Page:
Review: Monster Tale

I liked Epic Mickey: Power of Illusion.  While it definitely had a bit too much backtracking and it felt too short in general, I still felt it was a solid game with absolutely beautiful visuals.  Knowing all this, I did some research into the developers of the game, DreamRift.  I found that they only worked on one other game, known as Monster Tale.  After hunting the game down and playing it myself, I found out that the game has much more than just the developer in common with Power of Illusion.

Monster Tale tells the story of Ellie, a little girl who one day somehow finds herself transported to the Monster World.  While there, she meets and befriends a small monster which she names Chomp.  She also finds out that she’s not the first human to enter Monster World.  There have been other children and, due to some convoluted circumstances, those children are now the tyrannical rulers of the realm.  Now it’s up to Ellie and Chomp to give the power back to the natural inhabitants of Monster World.

The graphics for this game are simply gorgeous.  The backgrounds for each area felt very thematic and were just a treat to look at.  The sprites and character designs were also very good too.  This game is definitely meant to be more cartoony than anything else.  The gameplay also felt solid.  Each punch and laser blast simply felt good.  I also liked the mechanic that Ellie and Chomp are both constantly learning new moves to the end of the game.  Each progressive move does feel more powerful and useful outside of solving puzzles.  This game would be perfect if it weren’t for the backtracking and difficulty curve.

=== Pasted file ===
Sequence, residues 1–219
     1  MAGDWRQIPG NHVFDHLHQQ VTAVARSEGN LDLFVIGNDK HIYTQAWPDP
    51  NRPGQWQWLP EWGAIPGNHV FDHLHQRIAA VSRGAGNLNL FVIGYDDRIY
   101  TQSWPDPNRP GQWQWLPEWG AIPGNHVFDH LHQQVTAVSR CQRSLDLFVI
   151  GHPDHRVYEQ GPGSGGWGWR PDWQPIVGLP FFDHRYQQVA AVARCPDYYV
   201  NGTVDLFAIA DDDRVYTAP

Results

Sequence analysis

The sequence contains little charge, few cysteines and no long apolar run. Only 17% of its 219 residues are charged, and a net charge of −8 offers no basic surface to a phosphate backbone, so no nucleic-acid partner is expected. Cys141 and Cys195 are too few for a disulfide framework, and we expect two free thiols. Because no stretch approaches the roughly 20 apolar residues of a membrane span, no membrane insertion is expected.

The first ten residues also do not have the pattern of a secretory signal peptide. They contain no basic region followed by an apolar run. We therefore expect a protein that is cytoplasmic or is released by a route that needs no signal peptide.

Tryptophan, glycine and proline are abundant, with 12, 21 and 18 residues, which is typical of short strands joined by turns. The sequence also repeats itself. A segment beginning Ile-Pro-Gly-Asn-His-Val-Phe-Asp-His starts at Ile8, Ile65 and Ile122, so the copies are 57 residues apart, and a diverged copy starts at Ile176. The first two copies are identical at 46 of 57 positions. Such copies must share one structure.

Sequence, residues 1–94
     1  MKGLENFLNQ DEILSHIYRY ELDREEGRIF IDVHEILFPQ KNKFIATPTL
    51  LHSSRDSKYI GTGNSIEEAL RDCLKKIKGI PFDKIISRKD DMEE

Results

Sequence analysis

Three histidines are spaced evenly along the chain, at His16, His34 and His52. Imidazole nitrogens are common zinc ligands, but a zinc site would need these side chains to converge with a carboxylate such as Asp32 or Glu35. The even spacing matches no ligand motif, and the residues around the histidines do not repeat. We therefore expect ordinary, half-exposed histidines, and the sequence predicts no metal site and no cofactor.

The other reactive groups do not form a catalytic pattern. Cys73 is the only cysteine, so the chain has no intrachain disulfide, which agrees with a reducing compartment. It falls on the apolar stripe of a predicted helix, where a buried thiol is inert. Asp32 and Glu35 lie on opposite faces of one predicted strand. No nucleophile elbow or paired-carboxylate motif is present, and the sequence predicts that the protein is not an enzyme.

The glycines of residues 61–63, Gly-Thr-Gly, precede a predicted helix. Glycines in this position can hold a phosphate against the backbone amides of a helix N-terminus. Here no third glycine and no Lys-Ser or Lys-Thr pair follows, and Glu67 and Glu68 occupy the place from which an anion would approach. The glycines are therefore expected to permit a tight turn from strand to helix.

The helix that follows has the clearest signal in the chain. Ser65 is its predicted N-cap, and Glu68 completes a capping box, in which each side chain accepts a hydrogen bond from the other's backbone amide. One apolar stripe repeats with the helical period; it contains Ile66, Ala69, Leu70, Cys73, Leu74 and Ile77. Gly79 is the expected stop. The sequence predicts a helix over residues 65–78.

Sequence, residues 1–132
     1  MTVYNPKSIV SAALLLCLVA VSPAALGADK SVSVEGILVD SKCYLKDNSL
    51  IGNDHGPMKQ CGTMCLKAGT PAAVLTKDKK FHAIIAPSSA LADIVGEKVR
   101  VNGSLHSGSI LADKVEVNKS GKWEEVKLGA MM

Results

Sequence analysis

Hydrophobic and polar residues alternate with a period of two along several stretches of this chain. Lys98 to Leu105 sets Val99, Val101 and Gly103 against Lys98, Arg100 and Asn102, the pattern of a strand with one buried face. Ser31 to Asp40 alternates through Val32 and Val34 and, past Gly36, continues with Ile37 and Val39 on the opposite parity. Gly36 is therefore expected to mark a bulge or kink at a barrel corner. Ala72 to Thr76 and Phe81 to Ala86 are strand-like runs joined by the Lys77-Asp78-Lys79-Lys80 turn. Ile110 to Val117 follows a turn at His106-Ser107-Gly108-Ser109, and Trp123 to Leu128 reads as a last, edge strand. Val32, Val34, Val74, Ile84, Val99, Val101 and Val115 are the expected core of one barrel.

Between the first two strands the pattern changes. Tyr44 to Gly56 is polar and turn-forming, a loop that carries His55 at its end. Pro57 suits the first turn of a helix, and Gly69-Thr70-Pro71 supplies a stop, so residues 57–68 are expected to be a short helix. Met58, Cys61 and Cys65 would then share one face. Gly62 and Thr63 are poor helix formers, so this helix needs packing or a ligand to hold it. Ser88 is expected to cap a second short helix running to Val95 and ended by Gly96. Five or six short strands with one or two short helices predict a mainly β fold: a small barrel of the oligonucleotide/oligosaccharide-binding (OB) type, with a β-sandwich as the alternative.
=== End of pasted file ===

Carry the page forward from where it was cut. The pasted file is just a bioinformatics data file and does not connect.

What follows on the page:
The backtracking in this game is some of the worst I’ve ever seen.  The following scenario happens more times than I can count in the game:  You get to a new area, explore it, find a door you can only open with a certain ability, be forced to go back to a previous area to get that ability (which you couldn’t get before for whatever reason), actually GET that ability and practice it a few times, then trek ALL the way back to where you were before just to open the door and probably be greeted not far down the line with ANOTHER door and have to repeat the process ALL OVER AGAIN.  This is just a constant thing that happens in the game.  It makes the game feel frustrating, boring, and more than a little repetitive.  I beat the game in about 7 to 8 hours total.  Without the backtracking, this game would be about 3 to 4 hours max.

The difficulty curve is very steep.  The boss fights, once you finally get to them, take a good long while to figure out and beat. I died multiple times with each boss aside from the first one of the game.  It only gets tougher through the game, which sounds natural, but it does get to pure rage inducing levels of hard.  I thought I was leveled up with my characters generally well, but maybe I just didn’t level up enough (which seems to be my constant curse in games nowadays).

Despite all that, I still thought this was a decent game.  The gameplay (including all the cool moves you and your monster buddy get to do) just felt “right” and it was very pretty to look at.  The backtracking is a very big issue, though, as is the difficulty curve.  Still, if you like platformers in the vein of Mega Man (which this did feel like for me), I do recommend it.  It has a pretty nasty bite but this monster is worth having by your side.


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